Cyclooxygenase-2 inhibition improves vascular endothelial dysfunction in a rat model of endotoxic shock: role of inducible nitric-oxide synthase and oxidative stress

Agostino Virdis, Rocchina Colucci, Matteo Fornai, Corrado Blandizzi, Emiliano Duranti, Stefania Pinto, Nunzia Bernardini, Cristina Segnani, Luca Antonioli, Stefano Taddei, Antonio Salvetti, Mario Del Tacca
Journal of Pharmacology and Experimental Therapeutics 2005, 312 (3): 945-53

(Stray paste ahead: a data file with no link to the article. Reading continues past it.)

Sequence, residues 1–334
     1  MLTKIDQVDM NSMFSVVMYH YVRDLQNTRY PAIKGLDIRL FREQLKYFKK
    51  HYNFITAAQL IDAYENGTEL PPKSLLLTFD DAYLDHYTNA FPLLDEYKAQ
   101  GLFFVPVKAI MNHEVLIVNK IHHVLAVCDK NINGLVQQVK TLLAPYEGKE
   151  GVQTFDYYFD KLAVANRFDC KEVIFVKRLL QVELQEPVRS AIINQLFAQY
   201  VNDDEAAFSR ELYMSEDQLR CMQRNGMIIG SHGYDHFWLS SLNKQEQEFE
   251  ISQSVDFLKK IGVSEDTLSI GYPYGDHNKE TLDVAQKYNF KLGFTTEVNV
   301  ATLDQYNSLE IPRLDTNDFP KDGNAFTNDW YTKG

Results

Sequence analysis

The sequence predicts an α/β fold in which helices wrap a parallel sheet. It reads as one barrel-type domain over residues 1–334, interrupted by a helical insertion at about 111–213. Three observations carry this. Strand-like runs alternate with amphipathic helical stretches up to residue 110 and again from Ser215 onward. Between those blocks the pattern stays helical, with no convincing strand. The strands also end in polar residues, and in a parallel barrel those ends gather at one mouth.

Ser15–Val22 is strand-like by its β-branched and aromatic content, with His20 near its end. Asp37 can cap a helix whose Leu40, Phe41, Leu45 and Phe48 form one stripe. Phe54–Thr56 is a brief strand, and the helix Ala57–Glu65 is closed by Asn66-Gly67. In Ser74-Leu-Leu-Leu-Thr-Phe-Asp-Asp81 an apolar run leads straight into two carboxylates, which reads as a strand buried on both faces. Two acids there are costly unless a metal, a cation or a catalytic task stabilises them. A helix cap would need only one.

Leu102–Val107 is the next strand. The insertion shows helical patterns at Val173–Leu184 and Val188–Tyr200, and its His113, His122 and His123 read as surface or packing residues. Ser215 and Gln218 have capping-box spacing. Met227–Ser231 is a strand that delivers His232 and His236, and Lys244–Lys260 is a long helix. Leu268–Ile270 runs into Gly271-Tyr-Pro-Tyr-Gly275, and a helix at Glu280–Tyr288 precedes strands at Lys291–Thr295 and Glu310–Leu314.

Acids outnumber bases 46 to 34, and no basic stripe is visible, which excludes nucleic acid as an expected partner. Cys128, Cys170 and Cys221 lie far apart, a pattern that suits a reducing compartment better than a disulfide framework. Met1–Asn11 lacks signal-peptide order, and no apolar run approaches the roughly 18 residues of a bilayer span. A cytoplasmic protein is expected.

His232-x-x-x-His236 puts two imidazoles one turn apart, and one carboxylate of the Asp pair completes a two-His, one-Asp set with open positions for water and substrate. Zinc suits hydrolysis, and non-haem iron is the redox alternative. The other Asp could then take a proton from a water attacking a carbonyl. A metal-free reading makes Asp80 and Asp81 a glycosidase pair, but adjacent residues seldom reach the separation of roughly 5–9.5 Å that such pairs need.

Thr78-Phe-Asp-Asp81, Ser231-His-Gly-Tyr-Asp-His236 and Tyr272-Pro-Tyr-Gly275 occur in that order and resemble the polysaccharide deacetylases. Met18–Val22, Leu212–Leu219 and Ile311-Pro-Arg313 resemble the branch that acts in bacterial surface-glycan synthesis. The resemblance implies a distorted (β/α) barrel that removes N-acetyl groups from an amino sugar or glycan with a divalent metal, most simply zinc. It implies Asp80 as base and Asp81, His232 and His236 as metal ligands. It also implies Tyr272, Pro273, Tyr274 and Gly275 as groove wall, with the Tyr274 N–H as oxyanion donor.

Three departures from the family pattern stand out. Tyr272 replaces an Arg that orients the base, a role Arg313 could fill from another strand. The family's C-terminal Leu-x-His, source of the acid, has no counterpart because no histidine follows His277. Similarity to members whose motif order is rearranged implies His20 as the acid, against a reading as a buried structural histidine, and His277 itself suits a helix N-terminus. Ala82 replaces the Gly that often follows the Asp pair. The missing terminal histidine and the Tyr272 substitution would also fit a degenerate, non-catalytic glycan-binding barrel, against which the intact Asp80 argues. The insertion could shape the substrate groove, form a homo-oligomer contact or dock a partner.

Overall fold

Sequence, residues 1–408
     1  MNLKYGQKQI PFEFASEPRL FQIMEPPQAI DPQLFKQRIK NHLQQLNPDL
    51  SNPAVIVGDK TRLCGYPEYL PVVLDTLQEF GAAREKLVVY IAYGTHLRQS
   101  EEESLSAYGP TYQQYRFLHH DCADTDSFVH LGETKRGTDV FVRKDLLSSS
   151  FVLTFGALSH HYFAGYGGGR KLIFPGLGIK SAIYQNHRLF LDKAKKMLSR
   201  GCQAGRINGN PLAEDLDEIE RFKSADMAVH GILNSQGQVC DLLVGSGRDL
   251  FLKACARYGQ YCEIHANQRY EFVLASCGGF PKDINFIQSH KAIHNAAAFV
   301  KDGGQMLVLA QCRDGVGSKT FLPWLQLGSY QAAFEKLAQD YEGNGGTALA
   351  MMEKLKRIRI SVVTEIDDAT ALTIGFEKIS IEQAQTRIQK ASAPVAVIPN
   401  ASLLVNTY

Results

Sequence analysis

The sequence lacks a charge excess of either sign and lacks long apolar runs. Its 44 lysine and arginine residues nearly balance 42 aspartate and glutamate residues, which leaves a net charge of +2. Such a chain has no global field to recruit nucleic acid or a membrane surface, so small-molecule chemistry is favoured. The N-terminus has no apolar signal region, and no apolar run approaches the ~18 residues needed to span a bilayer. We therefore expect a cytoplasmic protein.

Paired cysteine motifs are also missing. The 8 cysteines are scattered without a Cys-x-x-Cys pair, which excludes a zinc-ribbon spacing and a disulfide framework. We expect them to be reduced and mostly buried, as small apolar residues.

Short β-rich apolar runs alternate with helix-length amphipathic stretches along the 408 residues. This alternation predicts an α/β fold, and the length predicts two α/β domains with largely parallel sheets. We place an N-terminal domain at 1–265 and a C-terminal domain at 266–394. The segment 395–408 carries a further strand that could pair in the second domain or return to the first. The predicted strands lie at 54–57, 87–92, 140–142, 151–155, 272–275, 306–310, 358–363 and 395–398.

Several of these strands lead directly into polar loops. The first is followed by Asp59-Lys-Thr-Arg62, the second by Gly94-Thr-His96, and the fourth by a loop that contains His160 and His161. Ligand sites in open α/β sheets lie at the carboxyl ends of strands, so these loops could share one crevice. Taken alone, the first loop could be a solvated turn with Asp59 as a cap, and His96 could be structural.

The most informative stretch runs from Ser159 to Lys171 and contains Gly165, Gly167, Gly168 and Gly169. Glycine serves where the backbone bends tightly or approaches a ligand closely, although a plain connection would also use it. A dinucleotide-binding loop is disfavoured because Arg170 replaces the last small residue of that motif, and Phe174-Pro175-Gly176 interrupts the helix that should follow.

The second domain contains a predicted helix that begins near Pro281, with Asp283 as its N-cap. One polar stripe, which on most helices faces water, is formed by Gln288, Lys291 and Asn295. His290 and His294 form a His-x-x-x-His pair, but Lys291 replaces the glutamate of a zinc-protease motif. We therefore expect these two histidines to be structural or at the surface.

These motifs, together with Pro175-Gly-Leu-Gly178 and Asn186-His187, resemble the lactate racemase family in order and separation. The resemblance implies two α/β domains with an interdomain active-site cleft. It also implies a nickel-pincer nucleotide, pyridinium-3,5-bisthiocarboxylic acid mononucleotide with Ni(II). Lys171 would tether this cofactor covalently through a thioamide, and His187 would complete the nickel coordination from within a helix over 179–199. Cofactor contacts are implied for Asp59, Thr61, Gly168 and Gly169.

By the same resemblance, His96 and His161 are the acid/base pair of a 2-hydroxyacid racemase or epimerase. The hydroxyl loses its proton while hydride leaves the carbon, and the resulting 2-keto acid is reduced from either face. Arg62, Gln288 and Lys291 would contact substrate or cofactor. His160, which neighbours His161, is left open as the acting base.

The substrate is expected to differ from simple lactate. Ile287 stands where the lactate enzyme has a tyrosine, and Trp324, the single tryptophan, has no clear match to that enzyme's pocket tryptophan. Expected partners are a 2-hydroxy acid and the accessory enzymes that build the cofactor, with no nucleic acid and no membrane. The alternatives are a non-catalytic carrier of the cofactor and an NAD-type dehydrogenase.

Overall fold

We investigated whether cyclooxygenase (COX) isoforms (COX-1 and COX-2) and decreased NO availability contribute to endothelial dysfunction in endotoxemic rats. The involvement of reactive oxygen species (ROS) was also evaluated. Rats were injected with Salmonella-derived lipopolysaccharide or saline. After 6 h, endothelial function of mesenteric resistance arteries was evaluated. In controls, acetylcholine (ACh)-induced relaxation was inhibited by the nitric-oxide synthase inhibitor N(G)-monomethyl-l-arginine (l-NMMA) and unaffected by 5,5-dimethyl-3-(3-fluorophenyl)-4-(4-methylsulphonyl)-phenyl-2(5H)-furanone (DFU) (COX-2 inhibitor). In lipopolysaccharide (LPS)-treated rats, the response to ACh was blunted compared with controls, less sensitive to l-NMMA, and enhanced by DFU. COX-2 blockade also improved the inhibitory effect of l-NMMA on cholinergic relaxation. SC-560 [5-(4-clorophenyl)-1-(4-metoxyphenyl)-3-trifluoromethylpirazole] (COX-1 inhibitor) did not modify the response to ACh in both groups. LPS-induced endothelial dysfunction was unaffected by the thromboxane A(2) (TxA(2)) receptor antagonist SQ-29548 (7-[3-[[2-[(phenylamino)carbonyl]hydrazino]methyl]-7-oxabicyclo[2.2.1] hept-2-yl]-[1S(1alpha,2alpha(Z),3alpha,4alpha)]-5-heptenoic acid). In vivo inducible nitric-oxide synthase (iNOS) inhibition by S-methylisothiourea partly attenuated LPS-induced endothelial dysfunction. The antioxidants ascorbic acid and superoxide dismutase normalized endothelium-dependent relaxation and restored the inhibitory action of l-NMMA on ACh. Responses to sodium nitroprusside were similar in both groups. In LPS-treated rats, reverse transcription-polymerase chain reaction showed a marked increase in mesenteric iNOS and COX-2 expressions, whereas endothelial nitric-oxide synthase and COX-1 were unchanged. LPS-induced COX-2 overexpression was reduced but not abrogated by S-methylisothiourea. LPS-induced COX-2 up-regulation was also documented by immunohistochemistry. In conclusion, mesenteric resistance vessels from endotoxemic rats show impaired endothelial function due to reduced NO availability, a condition that is partly ascribable to an iNOS-dependent enhanced COX-2 expression, whereas TxA(2) does not seem to be involved. Oxidative stress is the main mechanism responsible for reduced NO availability, and COX-2 might act as a source of ROS.

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